Although North American cult educational organizations have had a much more positive impact on the mental health community than European groups appear to have had, Europeans should not overlook their own mental health resources. Dr. TyIden, a psychiatrist from England, spoke at our meeting. And Dr. Jansa, a psychiatrist from Spain, reported that his organization has worked with over 250 cult victims during the past few years. I also heard that there is an experienced team of German mental health professionals. Diversity of speakers, wide geographical distribution, and repetition are the three key ingredients in educating professional communities.

Rosedale even proposed making the Cultic Studies Journal "an international journal more responsive to the needs of European scholars and professionals." Acknowledging that there was a divergence of views on identifying and combating the NRM "problem" (Aagaard of Denmark's Dialog Centre wanted cults to be opposed on moral and religious bases as "counterfeit pseudoreligions," contrary to AFF's and CAN's contention that harmful actions, not beliefs, should be the focus.), Rosedale nevertheless wrote optimistically that the international union effort could and should go forward.

There is other evidence that AFF and CAN emphasis on the mental incapacity and injury of "cultists" was gaining attention among European anticultists. The Swiss delegation to the Paris meeting proposed a World Family Foundation and urged the creation of a document, based on materials promulgated by Margaret T. Singer, John G. Clark, Jr., Louis J. West, Michael D. Langone, and their European counterparts, establishing the mental and physical endangerment to NRM members. [Document #47] Meanwhile, plans for both an International Congress, to be held in the early 1990s, and the elusive International Organization were being made. [Document #48/1] [Document #48/2] [Document #48/3] [Document #48/4] [Document #48/5] [Document #48/6] [Document #48/7] [Document #48/8] [Document #48/9] [Document #48/10] [Document #48/11] [Document #48/12] [Document #48/13] [Document #48/14] The Congress was held at Barcelona in April 1993 and a Provisory Secretary of a new International Conferation (as it was now called), Jacques Richard from France, appointed. The course of action agreed upon in Barcelona was for members of the Confederation to apply immediately to various national authorities and private foundation for subsidies. Over 20 North American and European ACM groups were part of the Confederation. [Document #49/1] [Document #49/2] [Document #49/3]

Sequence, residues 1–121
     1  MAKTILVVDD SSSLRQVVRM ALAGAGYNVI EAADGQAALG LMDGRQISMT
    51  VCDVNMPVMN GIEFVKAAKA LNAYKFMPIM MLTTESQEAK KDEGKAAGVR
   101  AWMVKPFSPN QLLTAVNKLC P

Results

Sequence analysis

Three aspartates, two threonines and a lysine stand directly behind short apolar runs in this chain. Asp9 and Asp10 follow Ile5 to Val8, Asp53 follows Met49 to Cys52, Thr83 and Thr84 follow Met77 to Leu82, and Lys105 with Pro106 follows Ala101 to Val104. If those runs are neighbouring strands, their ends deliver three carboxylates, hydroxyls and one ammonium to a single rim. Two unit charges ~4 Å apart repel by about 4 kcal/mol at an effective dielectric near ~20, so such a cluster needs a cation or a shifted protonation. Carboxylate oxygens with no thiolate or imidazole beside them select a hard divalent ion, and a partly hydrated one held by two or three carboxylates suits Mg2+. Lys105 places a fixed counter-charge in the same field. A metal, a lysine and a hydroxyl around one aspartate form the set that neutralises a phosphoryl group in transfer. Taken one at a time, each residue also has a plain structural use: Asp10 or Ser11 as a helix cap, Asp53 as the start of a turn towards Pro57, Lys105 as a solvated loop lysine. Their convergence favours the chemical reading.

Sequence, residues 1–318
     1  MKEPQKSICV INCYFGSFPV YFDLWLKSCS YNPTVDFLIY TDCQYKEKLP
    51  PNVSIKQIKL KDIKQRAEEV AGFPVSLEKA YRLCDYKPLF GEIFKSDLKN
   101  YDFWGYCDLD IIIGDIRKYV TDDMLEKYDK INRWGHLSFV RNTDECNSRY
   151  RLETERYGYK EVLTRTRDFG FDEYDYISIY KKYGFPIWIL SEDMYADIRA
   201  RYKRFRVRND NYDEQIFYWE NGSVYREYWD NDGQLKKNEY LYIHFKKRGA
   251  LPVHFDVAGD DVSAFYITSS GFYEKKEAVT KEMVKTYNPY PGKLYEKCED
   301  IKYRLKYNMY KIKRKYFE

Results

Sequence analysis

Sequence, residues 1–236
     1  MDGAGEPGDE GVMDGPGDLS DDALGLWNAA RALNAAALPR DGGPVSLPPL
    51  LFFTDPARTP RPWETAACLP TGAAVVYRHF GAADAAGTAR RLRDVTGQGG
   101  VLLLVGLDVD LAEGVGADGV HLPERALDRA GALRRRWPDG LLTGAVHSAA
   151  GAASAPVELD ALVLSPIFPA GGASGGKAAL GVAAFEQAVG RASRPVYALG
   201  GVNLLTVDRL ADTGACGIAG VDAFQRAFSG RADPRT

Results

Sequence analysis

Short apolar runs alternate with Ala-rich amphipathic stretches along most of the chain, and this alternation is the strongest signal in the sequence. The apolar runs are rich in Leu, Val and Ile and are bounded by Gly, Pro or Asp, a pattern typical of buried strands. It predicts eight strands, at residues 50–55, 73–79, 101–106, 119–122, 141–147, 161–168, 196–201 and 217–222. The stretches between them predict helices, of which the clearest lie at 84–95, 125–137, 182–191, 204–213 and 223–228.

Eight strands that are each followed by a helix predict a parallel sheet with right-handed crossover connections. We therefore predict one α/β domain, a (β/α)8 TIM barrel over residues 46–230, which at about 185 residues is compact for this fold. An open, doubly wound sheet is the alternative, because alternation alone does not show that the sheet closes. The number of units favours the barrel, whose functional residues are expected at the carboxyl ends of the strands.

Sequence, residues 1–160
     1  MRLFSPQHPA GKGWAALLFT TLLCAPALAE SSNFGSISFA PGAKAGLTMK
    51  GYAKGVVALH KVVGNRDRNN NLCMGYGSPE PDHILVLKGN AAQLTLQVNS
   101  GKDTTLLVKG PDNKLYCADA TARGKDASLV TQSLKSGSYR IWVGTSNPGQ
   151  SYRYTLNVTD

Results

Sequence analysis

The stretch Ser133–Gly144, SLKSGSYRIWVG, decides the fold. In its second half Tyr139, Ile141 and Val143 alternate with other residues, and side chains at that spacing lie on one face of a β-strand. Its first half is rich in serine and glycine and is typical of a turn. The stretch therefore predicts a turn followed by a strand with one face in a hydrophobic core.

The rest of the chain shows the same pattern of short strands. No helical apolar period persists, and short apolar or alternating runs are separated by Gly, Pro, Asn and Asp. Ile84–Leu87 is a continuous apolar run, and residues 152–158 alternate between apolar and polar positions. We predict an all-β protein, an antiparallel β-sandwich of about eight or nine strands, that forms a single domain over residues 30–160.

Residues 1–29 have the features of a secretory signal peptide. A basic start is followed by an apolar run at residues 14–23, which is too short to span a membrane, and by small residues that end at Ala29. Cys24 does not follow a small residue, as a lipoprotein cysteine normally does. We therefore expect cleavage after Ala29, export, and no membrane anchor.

Meanwhile, there is evidence of continuing North American ACM efforts to proselytize European officials.39 From correspondence in the CAN files it appears there was a regular flow of North American ACM materials to European officials (not just to ACM groups) and reciprocal recognition. For example, consider just German contacts during one brief period in 1994 (and again, this is not the total population of documents):

On November 28 German ACM InfoSekta's Drs. Eschmann and Erni wrote CAN's Cynthia S. Kisser:

I [Eschmann] refer to my telephone call one hour ago and thank you for your kind assistance. Enclosed please find extracts from infoSekta's report of activities 1991-93...Thank you for sending us the statement of claim of Landmark [the NRM group in question] vs., CAN and later of your answer. [Document #50/1] [Document #50/2]

On December 1, David J. Bardin, attorney for CAN's Washington, DC legal firm Arent Fox Kintner Plotkin and Kahn received the following letter sent by Gotz Reimann, First Secretary/Cultural Affairs, Embassy of the Federal Republic of Germany in Washington, DC:

Thank you very much for your time today. Attached please find the article in USAToday of 11/30/94. Many thanks for your cooperation. [Document #51/1] [Document #51/2] [Document #51/3]

Reiman similarly sent Kisser a thank you note the same day regarding the Church of Scientology: